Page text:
A popular program designed to help control Maricopa County’s stray pet population is temporarily out of service as it determines how to deal with a substantial funding decrease.
The Spay Neuter Assistance Program (SNAP) operated by the county’s Animal Care and Control department will provide fewer than 6,000 procedures in the fiscal year that begins July 1 — down from 20,000 in 2009 and 12,000 last year — without a donation boost, said Rodrigo Silva, assistant county manager.
“SNAP has provided thousands of surgeries for families who would not afford them,” Silva said. “The community can help bring program back. It is the most direct, lifesaving preventative program for pets in the Valley, one of the best in the nation, because of its efficiency.”
Applications are not being taken for services, and Silva said that will likely continue for about two months as the program undergoes adjustments.
Administrative costs for SNAP, which was created in 2006, are incurred by the county; funds to pay veterinarians for surgeries are from donations.
The primary donation source for SNAP has been Phoenix-based nonprofit Friends of Animal Care & Control. A seven-figure anonymous donation to that group to help fund SNAP’s first five years has run out.
“We are still providing a substantial about of funding for surgeries, just not as much as the last five years,” said Tina Eacret, the nonprofit group’s executive director. “My hopes is that we can get it back up to its former level with individual and foundation support.”
Maricopa County is suffering from a stray pet overpopulation problem, local officials say. Last year, 94,889 animals were brought to Valley shelters, with 48,567 euthanized, according to statistics compiled by Maricopa County and the Arizona Humane Society.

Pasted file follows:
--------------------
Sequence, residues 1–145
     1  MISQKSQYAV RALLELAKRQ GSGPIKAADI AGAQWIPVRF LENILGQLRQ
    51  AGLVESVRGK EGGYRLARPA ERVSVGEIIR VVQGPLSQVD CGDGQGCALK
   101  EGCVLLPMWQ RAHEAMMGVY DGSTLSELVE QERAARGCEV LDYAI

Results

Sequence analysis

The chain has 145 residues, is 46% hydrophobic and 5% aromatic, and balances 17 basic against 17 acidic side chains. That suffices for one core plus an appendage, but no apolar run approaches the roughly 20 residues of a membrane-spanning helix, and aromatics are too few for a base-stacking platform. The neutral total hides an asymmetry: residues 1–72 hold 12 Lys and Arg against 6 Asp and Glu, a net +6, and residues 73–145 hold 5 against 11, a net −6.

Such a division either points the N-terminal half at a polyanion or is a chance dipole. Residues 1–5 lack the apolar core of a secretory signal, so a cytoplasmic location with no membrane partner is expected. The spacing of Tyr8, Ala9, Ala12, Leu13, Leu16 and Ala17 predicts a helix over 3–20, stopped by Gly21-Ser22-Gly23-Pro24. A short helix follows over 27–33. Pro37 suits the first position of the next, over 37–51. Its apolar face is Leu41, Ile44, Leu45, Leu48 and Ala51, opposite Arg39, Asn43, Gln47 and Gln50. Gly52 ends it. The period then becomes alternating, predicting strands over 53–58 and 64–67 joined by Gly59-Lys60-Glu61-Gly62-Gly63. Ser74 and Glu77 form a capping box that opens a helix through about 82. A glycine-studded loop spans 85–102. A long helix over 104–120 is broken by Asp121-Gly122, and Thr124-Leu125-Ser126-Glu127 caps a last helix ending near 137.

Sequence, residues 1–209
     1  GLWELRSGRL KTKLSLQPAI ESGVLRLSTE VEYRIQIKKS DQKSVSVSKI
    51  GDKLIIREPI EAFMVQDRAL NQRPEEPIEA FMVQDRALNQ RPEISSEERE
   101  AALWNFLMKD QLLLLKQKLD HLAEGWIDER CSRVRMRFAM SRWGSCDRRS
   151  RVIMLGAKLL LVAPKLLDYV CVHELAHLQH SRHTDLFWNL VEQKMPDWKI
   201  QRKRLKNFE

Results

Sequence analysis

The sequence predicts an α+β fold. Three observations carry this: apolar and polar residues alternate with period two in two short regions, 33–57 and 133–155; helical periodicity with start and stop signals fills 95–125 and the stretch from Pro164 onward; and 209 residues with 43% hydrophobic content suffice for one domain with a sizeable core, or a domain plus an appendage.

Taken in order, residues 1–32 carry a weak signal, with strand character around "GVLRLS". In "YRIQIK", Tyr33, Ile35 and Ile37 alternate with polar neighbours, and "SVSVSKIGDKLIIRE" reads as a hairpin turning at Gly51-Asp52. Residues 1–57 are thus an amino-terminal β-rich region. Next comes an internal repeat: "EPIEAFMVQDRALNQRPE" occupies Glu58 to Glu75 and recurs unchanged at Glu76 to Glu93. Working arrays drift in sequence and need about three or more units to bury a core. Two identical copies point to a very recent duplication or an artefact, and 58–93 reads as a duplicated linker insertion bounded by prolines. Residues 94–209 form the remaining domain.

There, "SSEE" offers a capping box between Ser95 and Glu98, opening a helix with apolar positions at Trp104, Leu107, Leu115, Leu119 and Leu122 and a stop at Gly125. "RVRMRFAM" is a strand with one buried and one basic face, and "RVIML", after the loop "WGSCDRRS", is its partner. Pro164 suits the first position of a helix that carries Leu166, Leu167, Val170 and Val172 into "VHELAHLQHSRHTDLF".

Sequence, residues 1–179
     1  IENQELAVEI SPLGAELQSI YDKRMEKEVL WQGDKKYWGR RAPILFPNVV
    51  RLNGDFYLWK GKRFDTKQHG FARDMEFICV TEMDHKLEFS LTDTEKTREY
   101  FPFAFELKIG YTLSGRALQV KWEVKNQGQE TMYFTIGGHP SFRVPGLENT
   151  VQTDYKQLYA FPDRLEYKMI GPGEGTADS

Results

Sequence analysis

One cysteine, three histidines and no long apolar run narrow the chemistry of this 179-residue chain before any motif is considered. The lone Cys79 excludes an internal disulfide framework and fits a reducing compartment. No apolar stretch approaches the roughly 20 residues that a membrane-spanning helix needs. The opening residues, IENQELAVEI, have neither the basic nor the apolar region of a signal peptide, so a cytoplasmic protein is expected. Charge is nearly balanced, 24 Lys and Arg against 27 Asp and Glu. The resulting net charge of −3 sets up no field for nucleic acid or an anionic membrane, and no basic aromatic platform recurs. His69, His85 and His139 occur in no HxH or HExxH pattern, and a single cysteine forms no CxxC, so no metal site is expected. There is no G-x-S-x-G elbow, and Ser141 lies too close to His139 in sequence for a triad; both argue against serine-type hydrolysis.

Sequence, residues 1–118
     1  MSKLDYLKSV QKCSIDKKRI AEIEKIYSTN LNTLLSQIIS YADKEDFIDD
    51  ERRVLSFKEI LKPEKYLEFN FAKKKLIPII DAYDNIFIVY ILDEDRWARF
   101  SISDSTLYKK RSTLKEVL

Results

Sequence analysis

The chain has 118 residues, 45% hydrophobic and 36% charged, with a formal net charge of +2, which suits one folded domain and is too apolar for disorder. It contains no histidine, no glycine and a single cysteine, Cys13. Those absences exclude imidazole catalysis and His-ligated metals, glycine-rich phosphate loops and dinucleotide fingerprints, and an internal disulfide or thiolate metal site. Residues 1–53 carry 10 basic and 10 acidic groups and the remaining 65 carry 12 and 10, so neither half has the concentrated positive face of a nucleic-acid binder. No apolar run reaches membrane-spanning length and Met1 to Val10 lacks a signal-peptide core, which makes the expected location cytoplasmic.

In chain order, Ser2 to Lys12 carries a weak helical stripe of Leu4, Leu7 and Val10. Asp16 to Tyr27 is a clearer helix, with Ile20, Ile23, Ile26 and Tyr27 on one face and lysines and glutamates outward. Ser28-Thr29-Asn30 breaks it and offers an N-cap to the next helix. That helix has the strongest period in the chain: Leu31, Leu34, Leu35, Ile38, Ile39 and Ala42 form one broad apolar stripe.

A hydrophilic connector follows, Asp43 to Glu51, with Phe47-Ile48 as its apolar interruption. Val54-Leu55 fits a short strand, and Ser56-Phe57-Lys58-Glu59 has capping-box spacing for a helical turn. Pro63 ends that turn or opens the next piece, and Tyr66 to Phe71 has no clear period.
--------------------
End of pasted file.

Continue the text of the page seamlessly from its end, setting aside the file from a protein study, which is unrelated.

“You can’t adopt your way out of this problem,” Eacret said. “The most effective way to fight the overpopulation of animals in Maricopa County is through spay-neuter.”
To help raise spay-neuter awareness, SNAP and Friends of Animal Care & Control are stressing the importance of controlling the animal population, as well as the health and behavior improvements that pets who receive such procedures typically experience.
“The best-case scenario would be to get back up to 20,000 surgeries a year,” Silva said. “The need is here in the community, and I believe the program is an efficient program, at the cost of about $61 a surgery. What we hope is that because of programs like this, the euthanasia of adoptible pets in the county will be a thing of a past.”
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